A priest is on the run after 64 members of his congregation were poisoned to
      death by a potion he said would grant them salvation. [...] Churches have
      mushroomed since the start of the war, collecting sizeable donations from
      poverty stricken congregations in exchange for cheap fixes to life's
      problems. Many of the churches are known to advocate belief in child
      witchcraft, offering commercial exorcisms for a handful of dollars and more
      chairs for the congregation.

      [Catholic Church] Priest's 'anti-evil potion' kills 64
      Health officials in the Congo say more than 60 people have died after
      drinking a potion given to them by their priest to ward off evil spirits.
      The Roman Catholic priest fled the village of Bosobe early last week after
      people started falling ill, according to Health Minister Yagi Sitolo.

      [Rebirthing] N.C. Rebirthing Ban Comes Under Fire From Supporters
      A new law that takes effect Dec. 1 bans a controversial form of therapy that
      led to the death of a Durham girl. State lawmakers marked the death of
      rebirthing therapy when they decided to ban the controversial practice. The
      new law makes the use of rebirthing therapy a misdemeanor; a second offense
      is considered a felony. Not everyone supports the ban. [...] Barbara
      Janeway is disappointed by the decision. She underwent the therapy and said
      it changed her life. "I feel more grounded, more solid. [It was] one of the
      best feelings I've ever had. Just so blissful and peaceful and happy and
      calm," she said. Janeway's experience is overshadowed by that of Candace
      Newmaker -- a Durham girl who died in Colorado three years ago when she was
      smothered by blankets. Her two therapists went to jail.

      [Islam] Headscarf Issue Rears its Head Again
      Over 70 women gathered in front of the symbolically significant statue of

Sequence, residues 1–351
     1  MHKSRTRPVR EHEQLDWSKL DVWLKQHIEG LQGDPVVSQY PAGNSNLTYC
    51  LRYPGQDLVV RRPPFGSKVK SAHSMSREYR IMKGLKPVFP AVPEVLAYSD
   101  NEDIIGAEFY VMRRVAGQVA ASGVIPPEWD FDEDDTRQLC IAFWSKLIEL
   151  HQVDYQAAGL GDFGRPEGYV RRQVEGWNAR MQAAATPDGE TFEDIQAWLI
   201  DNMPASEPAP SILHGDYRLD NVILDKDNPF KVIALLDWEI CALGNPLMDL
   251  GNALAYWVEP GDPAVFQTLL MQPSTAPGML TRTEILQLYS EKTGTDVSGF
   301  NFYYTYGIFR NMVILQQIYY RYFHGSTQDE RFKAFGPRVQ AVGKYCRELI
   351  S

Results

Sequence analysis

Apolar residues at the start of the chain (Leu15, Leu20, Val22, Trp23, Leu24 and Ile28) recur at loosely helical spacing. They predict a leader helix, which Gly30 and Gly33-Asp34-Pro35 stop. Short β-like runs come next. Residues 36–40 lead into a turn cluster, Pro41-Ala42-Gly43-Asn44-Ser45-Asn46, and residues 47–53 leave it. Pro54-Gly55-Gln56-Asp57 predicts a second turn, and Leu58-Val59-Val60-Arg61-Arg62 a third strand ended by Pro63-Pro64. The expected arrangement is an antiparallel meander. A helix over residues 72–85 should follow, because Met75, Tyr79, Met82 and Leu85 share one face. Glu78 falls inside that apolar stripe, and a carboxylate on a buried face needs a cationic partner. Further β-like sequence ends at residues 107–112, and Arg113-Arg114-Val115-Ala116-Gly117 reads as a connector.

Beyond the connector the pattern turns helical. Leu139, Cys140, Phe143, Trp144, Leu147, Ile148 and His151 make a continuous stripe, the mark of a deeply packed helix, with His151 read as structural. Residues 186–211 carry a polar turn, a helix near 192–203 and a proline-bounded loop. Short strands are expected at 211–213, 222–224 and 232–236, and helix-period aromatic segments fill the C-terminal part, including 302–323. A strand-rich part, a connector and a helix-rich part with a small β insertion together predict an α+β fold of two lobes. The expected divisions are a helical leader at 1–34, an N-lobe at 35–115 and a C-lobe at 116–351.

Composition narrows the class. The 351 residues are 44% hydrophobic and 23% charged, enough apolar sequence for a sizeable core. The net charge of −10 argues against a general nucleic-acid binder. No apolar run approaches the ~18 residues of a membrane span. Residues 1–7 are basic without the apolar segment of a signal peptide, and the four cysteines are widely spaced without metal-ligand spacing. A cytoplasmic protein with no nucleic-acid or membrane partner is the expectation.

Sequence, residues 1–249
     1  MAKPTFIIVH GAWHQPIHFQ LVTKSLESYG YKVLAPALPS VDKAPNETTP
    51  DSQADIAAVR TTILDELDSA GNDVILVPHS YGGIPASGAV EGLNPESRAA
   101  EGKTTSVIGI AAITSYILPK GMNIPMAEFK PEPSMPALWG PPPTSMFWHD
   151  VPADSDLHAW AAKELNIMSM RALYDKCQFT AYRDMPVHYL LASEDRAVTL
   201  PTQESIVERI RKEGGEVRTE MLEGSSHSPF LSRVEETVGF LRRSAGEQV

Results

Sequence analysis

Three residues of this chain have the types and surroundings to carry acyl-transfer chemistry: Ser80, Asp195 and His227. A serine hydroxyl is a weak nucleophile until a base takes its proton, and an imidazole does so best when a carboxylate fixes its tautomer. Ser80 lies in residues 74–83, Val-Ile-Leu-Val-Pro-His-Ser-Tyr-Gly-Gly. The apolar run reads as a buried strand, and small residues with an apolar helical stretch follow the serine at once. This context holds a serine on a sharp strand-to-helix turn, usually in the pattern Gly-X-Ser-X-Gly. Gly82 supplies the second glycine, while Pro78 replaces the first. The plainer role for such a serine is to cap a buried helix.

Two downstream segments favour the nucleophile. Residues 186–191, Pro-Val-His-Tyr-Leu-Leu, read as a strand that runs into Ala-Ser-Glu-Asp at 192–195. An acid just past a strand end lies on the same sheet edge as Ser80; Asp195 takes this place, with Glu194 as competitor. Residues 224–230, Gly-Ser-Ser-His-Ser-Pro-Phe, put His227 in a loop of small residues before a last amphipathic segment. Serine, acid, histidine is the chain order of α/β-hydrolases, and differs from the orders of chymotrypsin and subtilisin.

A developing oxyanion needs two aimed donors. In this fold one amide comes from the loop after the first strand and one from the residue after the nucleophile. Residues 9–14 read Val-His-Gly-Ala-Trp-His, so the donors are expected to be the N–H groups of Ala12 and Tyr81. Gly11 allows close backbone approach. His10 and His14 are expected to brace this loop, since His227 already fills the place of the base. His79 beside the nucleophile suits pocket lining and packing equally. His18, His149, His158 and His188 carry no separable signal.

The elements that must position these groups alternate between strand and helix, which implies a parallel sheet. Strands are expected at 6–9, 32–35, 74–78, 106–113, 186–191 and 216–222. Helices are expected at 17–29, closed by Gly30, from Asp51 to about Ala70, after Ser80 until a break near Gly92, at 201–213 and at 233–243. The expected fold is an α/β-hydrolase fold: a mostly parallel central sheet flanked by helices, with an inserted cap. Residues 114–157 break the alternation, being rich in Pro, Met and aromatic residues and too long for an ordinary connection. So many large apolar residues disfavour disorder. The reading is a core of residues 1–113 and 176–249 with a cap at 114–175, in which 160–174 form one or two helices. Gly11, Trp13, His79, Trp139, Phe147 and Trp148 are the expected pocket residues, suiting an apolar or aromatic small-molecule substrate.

the Roman goddess Minerva -- the patron of teachers and the goddess of
      wisdom -- at the German parliament building in Berlin on Monday to plead for
      a more discerning and objective debate over the Muslim headscarf. The group,
      which sees itself working independently of political and religious
      considerations, signed an "appeal against a headscarf law." Initiated by
      Federal Commissioner for Integration and Foreigners, Marieluise Beck, the
      protest initiative includes politicians from across the party spectrum,
      scientists and leaders from the church and media. [...] The headscarf issue
      has rocked Germany and several parts of Europe with large Muslim populations
      in recent years with increasing frequency. The question of whether
      headscarf-wearing Muslim women should be allowed to take up posts in
      state-run schools and in public life and how far such a tradition
      compromises a western country's constitutionally-enshrined religious
      neutrality has sparked furious debate.

      [USA] U.S. ends Muslim registry
      The Department of Homeland Security said Monday that it is largely scrapping
      a controversial Justice Department-initiated program requiring men from
      predominantly Muslim nations to come in for questioning, fingerprinting and
      photographing. The domestic registration program, which resulted in more
      than 83,000 foreign men in the U.S. being labeled "high national security
      concerns" because of their nationalities, also led to deportation
      proceedings against almost 14,000 of the men. Many of them had overstayed
      visas or ignored previous deportation orders. But the mandate, unveiled in
      June 2002 by Atty. Gen. John Ashcroft as a counterterrorism initiative, did
      not produce terrorism charges against anyone. [...] The Tribune highlighted
      the domestic registration program last month in a three-part series, "Tossed
      Out of America," which looked at the toll the initiative and others built on
      profiling by nationality have taken on individuals and families. A wave of
      deportations has sent men from predominantly Muslim nations to uncertain
      futures, separating them from wives and children, including U.S. citizens,
      while thousands of others fled immigrant enclaves in fear. The program also
      sowed resentment in communities in America and abroad, deepening suspicions
      among Muslims that the U.S. government is anti-Islam.

      Apologetics Index
      Research resources on religions, cults, sects, doctrines, and related
      http://www.religionnewsblog.com (News and news archives)
      http://www.apologeticsindex.org (Other research resources)
    Your message has been successfully submitted and would be delivered to recipients shortly.